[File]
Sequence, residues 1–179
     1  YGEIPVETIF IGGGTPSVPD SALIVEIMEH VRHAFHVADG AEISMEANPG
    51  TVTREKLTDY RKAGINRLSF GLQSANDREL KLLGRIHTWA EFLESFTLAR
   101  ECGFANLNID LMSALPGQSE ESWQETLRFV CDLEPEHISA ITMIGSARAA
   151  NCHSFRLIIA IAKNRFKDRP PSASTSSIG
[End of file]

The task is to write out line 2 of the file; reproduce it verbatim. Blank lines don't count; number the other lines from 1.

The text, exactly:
     1  YGEIPVETIF IGGGTPSVPD SALIVEIMEH VRHAFHVADG AEISMEANPG